Urban lawmakers who want California to lead on the climate crisis supported the bill, while inland lawmakers in oil-rich areas concerned about jobs opposed it. The oil and gas industry and trade unions also opposed the bill.
This opposition meant the bill failed to get the five votes it needed to move beyond the Senate's Natural Resources and Water Committee. Only four senators approved it, while Democrat Sen. Susan Eggman of Stockton joined two Republicans to oppose it, and two other Democrats abstained.
Eggman argued that the bill would have forced California to rely on oil extracted in other states.
"We're still going to use it, but we're going to use it from places that produce it less safely," Eggman told The AP. She also said that she supported the transition away from fossil fuels, but thought the bill jumped the gun. "I don't think we're quite there yet, and this bill assumes that we are," she added.
Historically, California has been a major U.S. oil producer. Its output peaked in 1986 at 1.1 million barrels a day, just below Texas and Alaska, according to Forbes. However, production has declined since then making it the seventh-most oil-producing state.
Still, California's fossil fuel industry is at odds with state attempts to position itself as a climate leader.
"There is a large stain on California's climate record, and that is oil," Wiener said Tuesday, according to The AP.
Wiener and Democrat co-introducer Sen. Monique Limón from Santa Barbara vowed to keep fighting.
"While we saw this effort defeated today, this issue isn't going away," they wrote in a joint statement. "We'll continue to fight for aggressive climate action, against harmful drilling, and for the health of our communities."
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By Brett Wilkins
As world leaders prepare for this November's United Nations Climate Conference in Scotland, a new report from the Cambridge Sustainability Commission reveals that the world's wealthiest 5% were responsible for well over a third of all global emissions growth between 1990 and 2015.
The report, Changing Our Ways: Behavior Change and the Climate Crisis, found that nearly half the growth in absolute global emissions was caused by the world's richest 10%, with the most affluent 5% alone contributing 37%.
"In the year when the UK hosts COP26, and while the government continues to reward some of Britain's biggest polluters through tax credits, the commission report shows why this is precisely the wrong way to meet the UK's climate targets," the report's introduction states.
The authors of the report urge United Kingdom policymakers to focus on this so-called "polluter elite" in an effort to persuade wealthy people to adopt more sustainable behavior, while providing "affordable, available low-carbon alternatives to poorer households."
The report found that the "polluter elite" must make "dramatic" lifestyle changes in order to meet the UK's goal — based on the Paris climate agreement's preferential objective — of limiting global heating to 1.5°C, compared with pre-industrial levels.
In addition to highlighting previous recommendations — including reducing meat consumption, reducing food waste, and switching to electric vehicles and solar power — the report recommends that policymakers take the following steps:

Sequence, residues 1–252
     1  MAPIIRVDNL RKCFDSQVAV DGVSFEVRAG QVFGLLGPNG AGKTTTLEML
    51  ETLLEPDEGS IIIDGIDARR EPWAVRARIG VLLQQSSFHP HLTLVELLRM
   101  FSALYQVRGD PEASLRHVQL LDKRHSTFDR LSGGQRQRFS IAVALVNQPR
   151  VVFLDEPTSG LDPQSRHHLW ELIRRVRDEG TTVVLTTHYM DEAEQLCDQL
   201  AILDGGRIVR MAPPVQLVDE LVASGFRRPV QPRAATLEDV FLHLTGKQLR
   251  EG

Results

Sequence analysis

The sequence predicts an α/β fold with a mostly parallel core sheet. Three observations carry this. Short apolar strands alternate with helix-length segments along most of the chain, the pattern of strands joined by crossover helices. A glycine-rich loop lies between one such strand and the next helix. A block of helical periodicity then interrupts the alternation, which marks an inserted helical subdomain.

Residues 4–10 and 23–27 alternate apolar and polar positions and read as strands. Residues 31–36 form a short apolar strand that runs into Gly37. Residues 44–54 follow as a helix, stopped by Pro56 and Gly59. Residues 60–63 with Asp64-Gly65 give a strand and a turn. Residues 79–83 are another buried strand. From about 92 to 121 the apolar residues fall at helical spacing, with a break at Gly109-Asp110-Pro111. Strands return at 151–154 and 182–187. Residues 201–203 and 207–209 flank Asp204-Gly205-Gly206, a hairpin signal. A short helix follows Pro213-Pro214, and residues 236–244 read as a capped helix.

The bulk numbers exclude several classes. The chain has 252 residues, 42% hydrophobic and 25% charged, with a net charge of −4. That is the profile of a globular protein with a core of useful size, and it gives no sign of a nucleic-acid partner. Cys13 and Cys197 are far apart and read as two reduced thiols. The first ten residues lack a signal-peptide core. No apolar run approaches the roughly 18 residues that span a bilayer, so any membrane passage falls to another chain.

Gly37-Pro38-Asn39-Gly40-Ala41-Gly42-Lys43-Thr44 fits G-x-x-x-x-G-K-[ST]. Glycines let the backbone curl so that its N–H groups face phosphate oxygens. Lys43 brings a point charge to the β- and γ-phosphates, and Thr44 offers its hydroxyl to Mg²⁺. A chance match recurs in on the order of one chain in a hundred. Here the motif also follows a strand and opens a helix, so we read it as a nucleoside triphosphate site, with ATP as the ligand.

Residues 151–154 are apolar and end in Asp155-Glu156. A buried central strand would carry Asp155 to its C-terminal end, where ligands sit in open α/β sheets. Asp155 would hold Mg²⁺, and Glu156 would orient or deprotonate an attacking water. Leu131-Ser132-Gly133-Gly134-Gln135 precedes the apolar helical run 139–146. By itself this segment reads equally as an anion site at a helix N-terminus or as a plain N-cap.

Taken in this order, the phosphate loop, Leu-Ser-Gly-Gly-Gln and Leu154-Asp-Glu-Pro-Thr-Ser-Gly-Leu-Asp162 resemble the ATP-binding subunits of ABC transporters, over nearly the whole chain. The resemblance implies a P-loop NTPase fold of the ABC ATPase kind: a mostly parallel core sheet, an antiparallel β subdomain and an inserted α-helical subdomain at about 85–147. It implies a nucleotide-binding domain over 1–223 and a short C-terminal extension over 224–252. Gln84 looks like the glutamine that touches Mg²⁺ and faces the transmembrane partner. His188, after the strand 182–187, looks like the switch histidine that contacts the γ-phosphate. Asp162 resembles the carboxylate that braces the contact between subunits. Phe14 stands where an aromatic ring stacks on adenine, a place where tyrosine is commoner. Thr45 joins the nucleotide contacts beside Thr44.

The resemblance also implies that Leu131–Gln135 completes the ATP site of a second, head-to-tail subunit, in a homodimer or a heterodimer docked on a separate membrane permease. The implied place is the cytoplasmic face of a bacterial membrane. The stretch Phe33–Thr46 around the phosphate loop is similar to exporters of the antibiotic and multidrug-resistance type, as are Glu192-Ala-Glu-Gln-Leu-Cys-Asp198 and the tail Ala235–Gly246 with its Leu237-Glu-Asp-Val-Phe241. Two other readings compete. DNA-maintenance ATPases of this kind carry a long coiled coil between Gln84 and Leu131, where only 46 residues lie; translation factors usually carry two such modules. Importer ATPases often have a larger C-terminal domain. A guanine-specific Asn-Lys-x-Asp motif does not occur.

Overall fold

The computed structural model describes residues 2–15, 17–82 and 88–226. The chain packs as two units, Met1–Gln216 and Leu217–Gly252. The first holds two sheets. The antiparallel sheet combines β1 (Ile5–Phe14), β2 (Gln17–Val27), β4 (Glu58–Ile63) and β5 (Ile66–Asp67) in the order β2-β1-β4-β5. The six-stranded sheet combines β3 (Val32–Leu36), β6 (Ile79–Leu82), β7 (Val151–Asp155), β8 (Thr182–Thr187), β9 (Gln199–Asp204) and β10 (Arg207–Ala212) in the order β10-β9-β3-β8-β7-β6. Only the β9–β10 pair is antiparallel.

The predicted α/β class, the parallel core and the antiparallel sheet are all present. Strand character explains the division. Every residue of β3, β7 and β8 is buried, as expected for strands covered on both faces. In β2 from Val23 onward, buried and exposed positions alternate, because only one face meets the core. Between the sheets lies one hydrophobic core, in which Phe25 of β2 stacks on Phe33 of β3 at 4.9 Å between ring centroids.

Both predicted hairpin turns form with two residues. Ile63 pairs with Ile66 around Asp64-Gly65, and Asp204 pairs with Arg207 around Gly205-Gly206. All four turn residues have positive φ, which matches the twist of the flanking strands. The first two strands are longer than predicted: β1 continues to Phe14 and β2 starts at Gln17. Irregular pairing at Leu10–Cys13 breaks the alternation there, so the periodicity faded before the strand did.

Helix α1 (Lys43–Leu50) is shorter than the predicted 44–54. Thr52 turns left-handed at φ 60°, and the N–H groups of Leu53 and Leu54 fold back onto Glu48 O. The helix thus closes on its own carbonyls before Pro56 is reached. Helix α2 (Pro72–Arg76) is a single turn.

- Implement frequent flyer levies;
- Enact bans on selling and promoting SUVs and other high polluting vehicles;
- Reverse the UK's recent move to cut green grants for homes and electric cars; and
- Build just transitions by supporting electric public transport and community energy schemes.
"We have got to cut over-consumption and the best place to start is over-consumption among the polluting elites who contribute by far more than their share of carbon emissions," Peter Newell, a Sussex University professor and lead author of the report, told the BBC.
"These are people who fly most, drive the biggest cars most, and live in the biggest homes which they can easily afford to heat, so they tend not to worry if they're well insulated or not," said Newell. "They're also the sort of people who could really afford good insulation and solar panels if they wanted to."
Newell said that wealthy people "simply must fly less and drive less. Even if they own an electric SUV, that's still a drain on the energy system and all the emissions created making the vehicle in the first place."
"Rich people who fly a lot may think they can offset their emissions by tree-planting schemes or projects to capture carbon from the air," Newell added. "But these schemes are highly contentious and they're not proven over time."
The report concludes that "we are all on a journey and the final destination is as yet unclear. There are many contradictory road maps about where we might want to get to and how, based on different theories of value and premised on diverse values."
"Promisingly, we have brought about positive change before, and there are at least some positive signs that there is an appetite to do what is necessary to live differently but well on the planet we call home," it states.
The new report follows a September 2020 Oxfam International study that revealed the wealthiest 1% of the world's population is responsible for emitting more than twice as much carbon dioxide as the poorest 50% of humanity combined.
Reposted with permission from Common Dreams.